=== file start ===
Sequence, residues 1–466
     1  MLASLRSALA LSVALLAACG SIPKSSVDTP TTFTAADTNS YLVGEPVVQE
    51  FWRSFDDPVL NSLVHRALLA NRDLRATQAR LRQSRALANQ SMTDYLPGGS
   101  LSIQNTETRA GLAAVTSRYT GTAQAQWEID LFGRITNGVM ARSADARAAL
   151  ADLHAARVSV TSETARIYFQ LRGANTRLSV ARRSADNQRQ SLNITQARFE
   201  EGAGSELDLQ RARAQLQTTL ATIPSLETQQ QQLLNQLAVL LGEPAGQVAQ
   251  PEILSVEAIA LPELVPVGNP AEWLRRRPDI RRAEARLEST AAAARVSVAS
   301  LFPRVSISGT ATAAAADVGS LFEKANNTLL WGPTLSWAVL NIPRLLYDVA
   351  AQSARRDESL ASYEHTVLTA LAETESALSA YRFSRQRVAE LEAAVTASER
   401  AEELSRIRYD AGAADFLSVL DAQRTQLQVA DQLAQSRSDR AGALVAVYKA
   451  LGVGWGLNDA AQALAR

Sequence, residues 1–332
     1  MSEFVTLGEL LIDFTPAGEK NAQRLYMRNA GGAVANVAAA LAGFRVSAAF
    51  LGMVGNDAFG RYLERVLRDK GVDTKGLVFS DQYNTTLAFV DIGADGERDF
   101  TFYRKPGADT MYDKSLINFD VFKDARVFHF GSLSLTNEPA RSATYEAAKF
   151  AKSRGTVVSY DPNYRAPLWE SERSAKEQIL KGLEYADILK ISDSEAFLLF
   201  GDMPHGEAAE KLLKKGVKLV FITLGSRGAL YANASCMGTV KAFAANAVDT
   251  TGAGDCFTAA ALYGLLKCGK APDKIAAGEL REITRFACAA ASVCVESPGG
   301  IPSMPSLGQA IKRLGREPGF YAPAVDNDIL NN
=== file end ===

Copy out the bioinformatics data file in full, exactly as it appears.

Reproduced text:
Sequence, residues 1–466
     1  MLASLRSALA LSVALLAACG SIPKSSVDTP TTFTAADTNS YLVGEPVVQE
    51  FWRSFDDPVL NSLVHRALLA NRDLRATQAR LRQSRALANQ SMTDYLPGGS
   101  LSIQNTETRA GLAAVTSRYT GTAQAQWEID LFGRITNGVM ARSADARAAL
   151  ADLHAARVSV TSETARIYFQ LRGANTRLSV ARRSADNQRQ SLNITQARFE
   201  EGAGSELDLQ RARAQLQTTL ATIPSLETQQ QQLLNQLAVL LGEPAGQVAQ
   251  PEILSVEAIA LPELVPVGNP AEWLRRRPDI RRAEARLEST AAAARVSVAS
   301  LFPRVSISGT ATAAAADVGS LFEKANNTLL WGPTLSWAVL NIPRLLYDVA
   351  AQSARRDESL ASYEHTVLTA LAETESALSA YRFSRQRVAE LEAAVTASER
   401  AEELSRIRYD AGAADFLSVL DAQRTQLQVA DQLAQSRSDR AGALVAVYKA
   451  LGVGWGLNDA AQALAR

Sequence, residues 1–332
     1  MSEFVTLGEL LIDFTPAGEK NAQRLYMRNA GGAVANVAAA LAGFRVSAAF
    51  LGMVGNDAFG RYLERVLRDK GVDTKGLVFS DQYNTTLAFV DIGADGERDF
   101  TFYRKPGADT MYDKSLINFD VFKDARVFHF GSLSLTNEPA RSATYEAAKF
   151  AKSRGTVVSY DPNYRAPLWE SERSAKEQIL KGLEYADILK ISDSEAFLLF
   201  GDMPHGEAAE KLLKKGVKLV FITLGSRGAL YANASCMGTV KAFAANAVDT
   251  TGAGDCFTAA ALYGLLKCGK APDKIAAGEL REITRFACAA ASVCVESPGG
   301  IPSMPSLGQA IKRLGREPGF YAPAVDNDIL NN